Published: 00:01 GMT Standard Time - Friday 30 December 2011
Prayer Focus 01/12
- Worldwide Concern – for Christians at Christmas time
- Pakistan – Christian leader shot dead
- Iraq – Death threats against Christians
- Egypt and Tunisia – Islamist parties threaten civil liberties
- India – “Brave” Christian activist killed
- Ethiopia – Church burnt down by mob
- Nepal – bomb explodes outside Christian mission office
- Indonesia – Islamist group demands demolition of churches
And pray in the Spirit on all occasions with all kinds of prayers and requests. With this in mind, be alert and always keep on praying for all the Lord’s people.Ephesians 6:18, NIV
The Christmas and New Year period is often a time of increased persecution of Christians, and this year is no exception.
In Iran during the weeks before Christmas a number of Christians in Tehran and six other cities were ordered to present themselves to their local state security centres, where they were interrogated at length before being sent home with the warning that they would be recalled.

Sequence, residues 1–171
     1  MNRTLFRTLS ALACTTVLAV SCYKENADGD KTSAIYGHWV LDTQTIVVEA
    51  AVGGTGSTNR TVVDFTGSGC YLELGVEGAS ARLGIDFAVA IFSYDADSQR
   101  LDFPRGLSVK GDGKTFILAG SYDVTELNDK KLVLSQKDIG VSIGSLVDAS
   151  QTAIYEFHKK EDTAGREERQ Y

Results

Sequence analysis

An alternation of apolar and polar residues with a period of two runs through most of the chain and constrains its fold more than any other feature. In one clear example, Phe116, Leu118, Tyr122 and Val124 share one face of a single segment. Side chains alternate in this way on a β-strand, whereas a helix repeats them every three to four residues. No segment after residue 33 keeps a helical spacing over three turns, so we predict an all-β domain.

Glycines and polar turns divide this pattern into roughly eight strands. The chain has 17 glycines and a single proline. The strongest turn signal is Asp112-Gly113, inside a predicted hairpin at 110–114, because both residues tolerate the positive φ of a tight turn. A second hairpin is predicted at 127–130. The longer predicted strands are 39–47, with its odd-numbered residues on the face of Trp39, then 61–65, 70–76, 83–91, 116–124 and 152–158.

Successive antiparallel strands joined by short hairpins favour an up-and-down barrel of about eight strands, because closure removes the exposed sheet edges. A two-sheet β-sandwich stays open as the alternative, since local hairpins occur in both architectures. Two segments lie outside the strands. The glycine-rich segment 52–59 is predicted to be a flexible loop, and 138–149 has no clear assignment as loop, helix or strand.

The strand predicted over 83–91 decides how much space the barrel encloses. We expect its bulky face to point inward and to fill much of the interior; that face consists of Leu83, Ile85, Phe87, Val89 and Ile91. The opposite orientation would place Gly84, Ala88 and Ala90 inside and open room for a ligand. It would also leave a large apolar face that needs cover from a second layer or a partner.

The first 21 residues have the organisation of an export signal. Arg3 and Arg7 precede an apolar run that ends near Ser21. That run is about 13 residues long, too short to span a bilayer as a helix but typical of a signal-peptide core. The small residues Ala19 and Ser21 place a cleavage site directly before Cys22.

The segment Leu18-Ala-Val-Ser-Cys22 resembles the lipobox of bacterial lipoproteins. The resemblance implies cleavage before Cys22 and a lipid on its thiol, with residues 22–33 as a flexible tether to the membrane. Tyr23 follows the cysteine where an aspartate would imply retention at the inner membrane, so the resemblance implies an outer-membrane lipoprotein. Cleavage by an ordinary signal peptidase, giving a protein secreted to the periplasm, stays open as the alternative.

The campaign recalls Christmas 2010, when more than 70 Christians were arrested in a crackdown on Iran’s house church movement. Two of those detained remain behind bars despite not having been charged.
On 16 December security forces arrested eight church leaders during a Christmas gathering in Boukham Village, Savannakhet Province, Laos. One church leader was released the next day, but the remaining seven were held for violating the village law by holding a Christmas worship service, even though the Lao constitution guarantees freedom of religious belief to all Lao nationals.
In Pakistan police met with Christian leaders in Lahore on 19 December to discuss security measures at churches in the wake of intelligence reports warning of a heightened threat of terrorist attacks on churches over the Christmas period.
And on 20 December, it was reported that Hindu extremists in Kandhamal, Orissa State, India, were calling for a bundh, or strikes, between 24 and 27 December 2011, leaving Christians fearful of another upsurge of violence against them as they attempt to celebrate Christmas.